Minneparken Park, Oslo – Home to the Ruins of Three Medieval Churches

The ruins of St. Olav's Monastery on the backdrop of the former bishop residence

photography by: Omri Westmark

More often than not, archeological sites are restricted to either paying visitors or professional archeologists. That is, unless you are talking about the multiple sites across the Norwegian capital, where the remnants of historic buildings are accessible all year round for each and every one of us. Tucked away in the borough of Oslo Gamle, Minneparken’s verdant premises is home to the ruins of three old churches, providing a glimpse to the city’s early history.

Minneparken

Wedged between the railway tracks of Oslo’s central train station and Oslo Gate and Egedes Gate Streets, Minneparken (aka Ruinparken) is a rather unassuming speck of greenery. What truly sets it apart from other parks of its kind are the well-preserved ruins of a medieval church, monastery and a cathedral. Together, these three archeological relics serve as a vestige of Oslo’s earliest days as a Viking stronghold. The verdant 3.4-hectare park was the brainchild of Gerhard Fischer who was also the site’s chief archeologist, conducting the excavation works across the area. In 1928, he lobbied for the establishment of a memorial park over the site, which was inaugurated four years later.

Minneparken’s northern entrance gate

photography by: Omri Westmark


A pathway, wedged between the park’s verdant lawns

photography by: Omri Westmark


The friary’s ruins

photography by: Omri Westmark


Holy Cross Church (Korskirken)

Perhaps the park’s most mysterious ruins, what little remains of the Holy Cross Church, known locally as Korskirken, is well ensconced behind a cluster of luxuriant trees, located in front of Arups Gate Street.

 

As not much is known about the church, it’s still widely debated when Korskirken was actually constructed. Some assert that the absence of the church from any documentation of the famous 1240’s royal skirmish between Duke Skule and King Haakon IV, Norway’s medieval version of Game of Thrones, suggests that it was built long before the battle took place.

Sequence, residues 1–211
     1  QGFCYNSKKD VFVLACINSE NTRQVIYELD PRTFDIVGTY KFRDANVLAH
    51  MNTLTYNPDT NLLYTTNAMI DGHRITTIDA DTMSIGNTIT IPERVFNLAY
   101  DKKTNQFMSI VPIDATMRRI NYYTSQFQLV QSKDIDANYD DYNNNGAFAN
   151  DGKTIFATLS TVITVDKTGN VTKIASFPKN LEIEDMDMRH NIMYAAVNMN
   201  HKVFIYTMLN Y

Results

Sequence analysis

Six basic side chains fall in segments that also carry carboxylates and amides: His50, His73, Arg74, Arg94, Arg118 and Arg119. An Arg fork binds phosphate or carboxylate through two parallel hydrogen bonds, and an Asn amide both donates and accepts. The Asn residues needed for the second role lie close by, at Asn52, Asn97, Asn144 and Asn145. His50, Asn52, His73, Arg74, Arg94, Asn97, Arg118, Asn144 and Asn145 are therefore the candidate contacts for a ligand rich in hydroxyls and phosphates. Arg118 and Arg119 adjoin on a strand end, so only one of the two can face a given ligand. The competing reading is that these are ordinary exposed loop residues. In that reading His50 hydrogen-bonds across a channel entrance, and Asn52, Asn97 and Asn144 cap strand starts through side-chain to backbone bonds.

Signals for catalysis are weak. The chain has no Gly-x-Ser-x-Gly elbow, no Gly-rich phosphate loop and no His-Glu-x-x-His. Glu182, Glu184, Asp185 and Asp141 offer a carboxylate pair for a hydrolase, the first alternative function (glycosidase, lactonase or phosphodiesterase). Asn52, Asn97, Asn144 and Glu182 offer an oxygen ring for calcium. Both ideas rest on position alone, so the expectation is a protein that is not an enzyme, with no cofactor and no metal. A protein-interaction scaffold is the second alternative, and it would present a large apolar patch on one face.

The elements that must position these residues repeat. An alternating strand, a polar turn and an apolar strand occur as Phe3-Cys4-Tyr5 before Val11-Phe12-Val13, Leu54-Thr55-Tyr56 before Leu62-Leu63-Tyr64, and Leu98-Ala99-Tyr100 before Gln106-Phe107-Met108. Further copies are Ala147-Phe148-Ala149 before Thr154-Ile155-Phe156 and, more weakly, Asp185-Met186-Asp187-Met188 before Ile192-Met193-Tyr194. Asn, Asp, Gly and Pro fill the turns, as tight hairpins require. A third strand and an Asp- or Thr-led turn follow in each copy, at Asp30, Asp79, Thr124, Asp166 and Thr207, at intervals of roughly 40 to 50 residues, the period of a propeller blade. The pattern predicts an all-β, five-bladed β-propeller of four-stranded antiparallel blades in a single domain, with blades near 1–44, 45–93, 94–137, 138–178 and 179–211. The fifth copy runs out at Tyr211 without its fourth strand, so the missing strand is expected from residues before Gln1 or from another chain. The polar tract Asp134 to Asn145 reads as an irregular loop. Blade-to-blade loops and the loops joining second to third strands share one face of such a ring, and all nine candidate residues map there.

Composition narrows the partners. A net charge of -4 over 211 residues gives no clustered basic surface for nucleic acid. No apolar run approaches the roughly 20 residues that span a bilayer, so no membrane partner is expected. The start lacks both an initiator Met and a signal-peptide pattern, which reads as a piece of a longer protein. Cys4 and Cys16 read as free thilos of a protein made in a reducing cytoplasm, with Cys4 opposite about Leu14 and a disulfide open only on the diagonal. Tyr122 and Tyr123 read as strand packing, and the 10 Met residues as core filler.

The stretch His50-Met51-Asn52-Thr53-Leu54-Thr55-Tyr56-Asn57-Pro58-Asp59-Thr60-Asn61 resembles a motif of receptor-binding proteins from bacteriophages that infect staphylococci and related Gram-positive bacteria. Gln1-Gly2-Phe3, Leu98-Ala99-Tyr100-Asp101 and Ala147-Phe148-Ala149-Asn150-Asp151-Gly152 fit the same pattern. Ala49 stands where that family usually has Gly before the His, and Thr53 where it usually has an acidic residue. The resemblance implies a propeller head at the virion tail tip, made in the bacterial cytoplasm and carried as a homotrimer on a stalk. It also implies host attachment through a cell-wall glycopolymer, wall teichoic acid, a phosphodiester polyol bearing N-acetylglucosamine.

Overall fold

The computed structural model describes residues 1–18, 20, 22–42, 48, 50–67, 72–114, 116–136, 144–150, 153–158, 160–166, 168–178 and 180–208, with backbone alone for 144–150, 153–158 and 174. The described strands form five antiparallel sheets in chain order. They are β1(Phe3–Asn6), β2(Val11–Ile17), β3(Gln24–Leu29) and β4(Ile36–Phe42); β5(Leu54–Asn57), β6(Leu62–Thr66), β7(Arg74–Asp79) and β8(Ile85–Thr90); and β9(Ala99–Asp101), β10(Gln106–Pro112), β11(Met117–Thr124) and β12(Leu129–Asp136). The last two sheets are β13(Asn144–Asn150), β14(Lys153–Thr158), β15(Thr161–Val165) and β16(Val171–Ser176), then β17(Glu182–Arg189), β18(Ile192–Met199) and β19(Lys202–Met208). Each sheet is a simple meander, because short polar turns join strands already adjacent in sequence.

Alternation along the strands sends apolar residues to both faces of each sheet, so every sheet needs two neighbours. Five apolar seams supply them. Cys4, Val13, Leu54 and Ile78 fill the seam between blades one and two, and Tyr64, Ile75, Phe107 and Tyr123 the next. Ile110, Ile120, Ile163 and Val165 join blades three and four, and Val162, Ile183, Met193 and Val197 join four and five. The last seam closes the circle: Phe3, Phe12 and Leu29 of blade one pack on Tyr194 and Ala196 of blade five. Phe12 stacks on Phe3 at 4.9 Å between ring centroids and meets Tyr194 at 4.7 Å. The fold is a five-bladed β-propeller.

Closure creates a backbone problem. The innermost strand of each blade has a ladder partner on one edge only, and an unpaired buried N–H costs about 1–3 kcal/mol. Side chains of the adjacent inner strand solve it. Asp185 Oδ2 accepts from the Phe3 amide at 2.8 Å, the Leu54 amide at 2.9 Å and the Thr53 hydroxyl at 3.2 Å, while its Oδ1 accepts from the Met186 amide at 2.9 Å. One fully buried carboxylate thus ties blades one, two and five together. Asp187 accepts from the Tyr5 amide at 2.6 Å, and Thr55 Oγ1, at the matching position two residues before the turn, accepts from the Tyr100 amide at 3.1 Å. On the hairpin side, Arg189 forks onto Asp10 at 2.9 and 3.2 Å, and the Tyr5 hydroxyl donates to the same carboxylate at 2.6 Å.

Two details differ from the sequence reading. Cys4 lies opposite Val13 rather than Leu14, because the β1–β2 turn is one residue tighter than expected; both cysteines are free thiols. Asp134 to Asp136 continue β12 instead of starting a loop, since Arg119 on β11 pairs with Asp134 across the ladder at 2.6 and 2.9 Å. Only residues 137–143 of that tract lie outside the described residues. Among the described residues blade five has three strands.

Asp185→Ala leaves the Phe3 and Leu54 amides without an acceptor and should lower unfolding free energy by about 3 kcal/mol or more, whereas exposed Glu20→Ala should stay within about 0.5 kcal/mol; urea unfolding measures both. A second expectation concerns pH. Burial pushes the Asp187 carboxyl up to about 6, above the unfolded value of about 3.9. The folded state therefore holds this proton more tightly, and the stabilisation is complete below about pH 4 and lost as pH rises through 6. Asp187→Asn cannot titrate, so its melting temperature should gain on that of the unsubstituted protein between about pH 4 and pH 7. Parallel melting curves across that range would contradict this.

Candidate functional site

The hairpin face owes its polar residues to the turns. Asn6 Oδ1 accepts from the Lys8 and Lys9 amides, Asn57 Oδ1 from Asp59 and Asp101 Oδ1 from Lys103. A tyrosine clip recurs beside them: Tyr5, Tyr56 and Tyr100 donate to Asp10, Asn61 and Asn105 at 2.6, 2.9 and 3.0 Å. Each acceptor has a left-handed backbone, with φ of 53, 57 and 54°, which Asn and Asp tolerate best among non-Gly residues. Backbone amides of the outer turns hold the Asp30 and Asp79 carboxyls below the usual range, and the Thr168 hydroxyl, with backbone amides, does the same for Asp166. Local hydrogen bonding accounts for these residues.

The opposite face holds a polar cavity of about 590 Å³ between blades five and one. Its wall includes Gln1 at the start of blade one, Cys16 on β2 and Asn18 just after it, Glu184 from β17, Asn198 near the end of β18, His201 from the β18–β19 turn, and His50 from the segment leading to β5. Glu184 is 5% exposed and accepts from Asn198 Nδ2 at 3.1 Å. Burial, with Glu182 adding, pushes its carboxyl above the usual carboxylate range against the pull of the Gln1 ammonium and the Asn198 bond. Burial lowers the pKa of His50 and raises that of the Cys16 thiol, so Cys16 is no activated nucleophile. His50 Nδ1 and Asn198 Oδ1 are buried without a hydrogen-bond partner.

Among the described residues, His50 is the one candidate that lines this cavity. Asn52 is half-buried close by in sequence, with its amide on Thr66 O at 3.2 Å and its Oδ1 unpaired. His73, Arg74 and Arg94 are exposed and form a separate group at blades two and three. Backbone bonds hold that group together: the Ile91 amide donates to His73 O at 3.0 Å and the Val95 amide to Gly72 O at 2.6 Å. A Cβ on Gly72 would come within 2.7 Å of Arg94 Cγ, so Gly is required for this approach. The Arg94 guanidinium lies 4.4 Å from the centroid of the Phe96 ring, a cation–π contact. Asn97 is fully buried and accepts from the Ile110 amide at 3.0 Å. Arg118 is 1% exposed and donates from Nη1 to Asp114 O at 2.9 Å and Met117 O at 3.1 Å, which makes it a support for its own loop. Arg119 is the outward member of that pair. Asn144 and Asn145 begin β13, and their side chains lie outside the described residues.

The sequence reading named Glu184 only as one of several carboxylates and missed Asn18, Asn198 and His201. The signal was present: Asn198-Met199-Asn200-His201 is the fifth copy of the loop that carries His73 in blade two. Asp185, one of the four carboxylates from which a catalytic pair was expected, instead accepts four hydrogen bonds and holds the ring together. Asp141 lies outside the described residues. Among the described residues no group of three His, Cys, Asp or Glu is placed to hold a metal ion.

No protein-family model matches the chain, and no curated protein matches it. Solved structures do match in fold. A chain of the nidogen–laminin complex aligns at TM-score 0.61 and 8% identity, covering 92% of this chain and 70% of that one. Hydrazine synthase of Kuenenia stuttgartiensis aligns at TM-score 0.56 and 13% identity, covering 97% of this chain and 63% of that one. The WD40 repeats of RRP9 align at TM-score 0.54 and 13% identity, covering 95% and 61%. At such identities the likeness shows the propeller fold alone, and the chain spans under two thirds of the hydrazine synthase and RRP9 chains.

Far less ambiguous is Korskirken’s past role, with most expert agreeing that it formerly functioned as a religious center for the city’s northern parts, which then encompassed much of the church’s surrounding area. Unfortunately, only a fraction of the original building has survived to date, including the remnants of the chancel, altar and the cemetery wall.

The ruins of Korskirken

photography by: Omri Westmark


A couple of stones is all that remains today of the Holy Cross Church

photography by: Omri Westmark


St. Olav's Monastery (Olavsklosteret)

Named after Olaf II Haraldsson, the King of Norway between 1015-1028 who is best known for Christianizing the country, St. Olav’s Monastery was built around 1240 next to an older, existing church with which it shared its name. While initially, the friary was built out of stone, at the turn of 14th century, it was reconstructed using primarily bricks, making it one of Norway’s first masonry buildings.

 

The original monastic complex was comprised of a church featuring a series of cloister vaults centered around an open atrium, a library, a sacristy, a convention room, a dining room, a conservatory and a dormitory where 10-15 monks lived in.

 

Following the Reformation and the subsequent rise of the Lutheran Church across Norway, the friary was converted into the bishop castle during the mid-16th century. As the seat of the bishop, the building underwent major structural changes, with its east wing being rebuilt as the bishop’s farm.